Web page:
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Unilateral Nevoid Telangiectasia Follow-up

  • Author: Rajani Katta, MD; Chief Editor: Dirk M Elston, MD  more...
 
Updated: Sep 04, 2015
 

Prognosis

In acquired unilateral nevoid telangiectasia, the telangiectasias may improve as the estrogen levels decrease, such as following pregnancy or with the discontinuation of oral contraceptives. In other cases of acquired or congenital unilateral nevoid telangiectasia, the lesions persist.

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Patient Education

Advise females that the telangiectasias may worsen during pregnancy or with oral contraceptive use.

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Contributor Information and Disclosures
Author

Rajani Katta, MD Associate Professor, Department of Dermatology, Baylor College of Medicine; Dermatologist, Katta Dermatology

Rajani Katta, MD is a member of the following medical societies: American Academy of Dermatology, American Contact Dermatitis Society, Society of Behavioral Medicine

Disclosure: Nothing to disclose.

Specialty Editor Board

Michael J Wells, MD, FAAD Associate Professor, Department of Dermatology, Texas Tech University Health Sciences Center, Paul L Foster School of Medicine

Michael J Wells, MD, FAAD is a member of the following medical societies: Alpha Omega Alpha, American Academy of Dermatology, American Medical Association, Texas Medical Association

Disclosure: Nothing to disclose.

Van Perry, MD Assistant Professor, Department of Medicine, Division of Dermatology, University of Texas School of Medicine at San Antonio

Van Perry, MD is a member of the following medical societies: American Academy of Dermatology

Disclosure: Nothing to disclose.

Chief Editor

Dirk M Elston, MD Professor and Chairman, Department of Dermatology and Dermatologic Surgery, Medical University of South Carolina College of Medicine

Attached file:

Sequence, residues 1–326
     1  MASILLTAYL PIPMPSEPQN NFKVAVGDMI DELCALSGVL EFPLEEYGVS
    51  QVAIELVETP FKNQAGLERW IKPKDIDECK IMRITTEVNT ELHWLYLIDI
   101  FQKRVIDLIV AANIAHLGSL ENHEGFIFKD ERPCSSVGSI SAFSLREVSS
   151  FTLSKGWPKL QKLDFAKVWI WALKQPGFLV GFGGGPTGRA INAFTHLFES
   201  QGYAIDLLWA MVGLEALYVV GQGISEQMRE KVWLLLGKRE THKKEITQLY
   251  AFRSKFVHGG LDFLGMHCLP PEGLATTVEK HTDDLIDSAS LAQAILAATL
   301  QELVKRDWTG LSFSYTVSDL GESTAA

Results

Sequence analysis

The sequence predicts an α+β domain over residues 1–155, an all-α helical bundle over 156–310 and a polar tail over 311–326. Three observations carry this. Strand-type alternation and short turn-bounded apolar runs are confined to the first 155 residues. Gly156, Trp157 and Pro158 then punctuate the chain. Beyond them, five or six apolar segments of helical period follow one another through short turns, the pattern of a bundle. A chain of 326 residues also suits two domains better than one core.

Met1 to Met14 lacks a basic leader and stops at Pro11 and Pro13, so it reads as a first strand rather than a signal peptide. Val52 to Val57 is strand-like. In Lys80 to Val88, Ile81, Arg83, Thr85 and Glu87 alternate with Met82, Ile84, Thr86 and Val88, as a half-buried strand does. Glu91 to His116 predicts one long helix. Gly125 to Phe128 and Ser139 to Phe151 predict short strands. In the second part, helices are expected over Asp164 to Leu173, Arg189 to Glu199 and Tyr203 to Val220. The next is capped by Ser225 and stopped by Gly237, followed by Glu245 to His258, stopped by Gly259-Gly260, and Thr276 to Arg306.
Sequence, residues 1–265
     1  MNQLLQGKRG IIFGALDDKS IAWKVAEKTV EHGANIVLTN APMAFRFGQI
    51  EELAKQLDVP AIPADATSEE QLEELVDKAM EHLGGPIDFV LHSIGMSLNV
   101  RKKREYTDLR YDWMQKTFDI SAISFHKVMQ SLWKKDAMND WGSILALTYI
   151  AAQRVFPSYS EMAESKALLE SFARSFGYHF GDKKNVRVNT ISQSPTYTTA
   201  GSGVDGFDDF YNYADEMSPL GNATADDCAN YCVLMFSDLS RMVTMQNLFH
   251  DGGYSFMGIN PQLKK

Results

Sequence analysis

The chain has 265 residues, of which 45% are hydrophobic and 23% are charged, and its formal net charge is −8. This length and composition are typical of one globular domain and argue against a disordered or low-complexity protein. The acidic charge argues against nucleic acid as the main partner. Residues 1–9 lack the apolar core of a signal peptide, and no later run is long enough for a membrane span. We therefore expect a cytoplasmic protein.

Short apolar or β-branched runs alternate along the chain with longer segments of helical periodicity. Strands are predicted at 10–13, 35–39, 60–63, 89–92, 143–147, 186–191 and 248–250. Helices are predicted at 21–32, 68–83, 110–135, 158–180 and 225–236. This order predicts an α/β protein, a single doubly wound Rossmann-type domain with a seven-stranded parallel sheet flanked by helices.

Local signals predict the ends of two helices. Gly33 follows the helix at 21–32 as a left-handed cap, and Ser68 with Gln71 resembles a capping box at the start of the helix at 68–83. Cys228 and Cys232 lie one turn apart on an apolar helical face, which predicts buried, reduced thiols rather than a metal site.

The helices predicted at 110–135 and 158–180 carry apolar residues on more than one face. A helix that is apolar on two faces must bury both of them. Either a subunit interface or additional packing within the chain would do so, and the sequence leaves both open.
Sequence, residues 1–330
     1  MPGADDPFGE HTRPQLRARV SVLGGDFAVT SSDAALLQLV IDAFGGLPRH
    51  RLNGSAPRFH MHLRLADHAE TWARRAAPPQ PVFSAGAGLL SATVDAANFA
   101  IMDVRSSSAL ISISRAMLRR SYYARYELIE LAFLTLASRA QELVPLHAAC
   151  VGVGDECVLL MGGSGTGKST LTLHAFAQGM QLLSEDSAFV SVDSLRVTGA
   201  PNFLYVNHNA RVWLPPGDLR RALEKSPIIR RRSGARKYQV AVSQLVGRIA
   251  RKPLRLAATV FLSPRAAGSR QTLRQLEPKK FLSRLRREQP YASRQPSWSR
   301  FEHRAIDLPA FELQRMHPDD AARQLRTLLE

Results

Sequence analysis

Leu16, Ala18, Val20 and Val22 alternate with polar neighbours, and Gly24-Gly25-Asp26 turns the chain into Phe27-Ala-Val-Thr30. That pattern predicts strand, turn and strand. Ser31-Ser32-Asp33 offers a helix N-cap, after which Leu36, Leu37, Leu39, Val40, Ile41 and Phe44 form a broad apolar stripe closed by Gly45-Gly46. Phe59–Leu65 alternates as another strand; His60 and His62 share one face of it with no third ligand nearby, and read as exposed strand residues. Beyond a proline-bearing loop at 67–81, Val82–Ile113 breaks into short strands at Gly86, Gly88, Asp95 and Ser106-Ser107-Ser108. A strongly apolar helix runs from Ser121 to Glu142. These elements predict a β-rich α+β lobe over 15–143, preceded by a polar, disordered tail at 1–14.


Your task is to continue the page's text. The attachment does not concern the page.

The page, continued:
Dirk M Elston, MD is a member of the following medical societies: American Academy of Dermatology

Disclosure: Nothing to disclose.

Additional Contributors

Abdul-Ghani Kibbi, MD Professor and Chair, Department of Dermatology, American University of Beirut Medical Center, Lebanon

Disclosure: Nothing to disclose.

References
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  2. Happle R. Mosaicism in human skin. Understanding the patterns and mechanisms. Arch Dermatol. 1993 Nov. 129(11):1460-70. [Medline].

  3. Wilkin JK, Smith JG Jr, Cullison DA, Peters GE, Rodriquez-Rigau LJ, Feucht CL. Unilateral dermatomal superficial telangiectasia. Nine new cases and a review of unilateral dermatomal superficial telangiectasia. J Am Acad Dermatol. 1983 Apr. 8(4):468-77. [Medline].

  4. Hynes LR, Shenefelt PD. Unilateral nevoid telangiectasia: occurrence in two patients with hepatitis C. J Am Acad Dermatol. 1997 May. 36(5 Pt 2):819-22. [Medline].

  5. Beacham BE, Kurgansky D. Unilateral naevoid telangiectasia syndrome associated with metastatic carcinoid tumour. Br J Dermatol. 1991 Jan. 124(1):86-8. [Medline].

  6. Uhlin SR, McCarty KS Jr. Unilateral nevoid telangiectatic syndrome. The role of estrogen and progesterone receptors. Arch Dermatol. 1983 Mar. 119(3):226-8. [Medline].

  7. Kavak A, Kutluay L. Unilateral nevoid telangiectasia and hyperthyroidism: a new association or coincidence?. J Dermatol. 2004 May. 31(5):411-4. [Medline].

  8. Tanglertsampan C, Chanthothai J, Phichawong T. Unilateral nevoid telangiectasia: case report and proposal for new classification system. Int J Dermatol. 2013 May. 52:608-10. [Medline].

  9. Kreft B, Marsch WC, Wohlrab J. Unilateral nevoid telangiectasia syndrome. Dermatology. 2004. 209(3):215-7. [Medline].

  10. Cliff S, Harland CC. Recurrence of unilateral naevoid telangiectatic syndrome following treatment with the pulsed dye laser. J Cutan Laser Ther. 1999 Apr. 1(2):105-7. [Medline].

  11. Sharma VK, Khandpur S. Unilateral nevoid telangiectasia--response to pulsed dye laser. Int J Dermatol. 2006 Aug. 45(8):960-4. [Medline].

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Unilateral nevoid telangiectasia on the neck.
 
 
 
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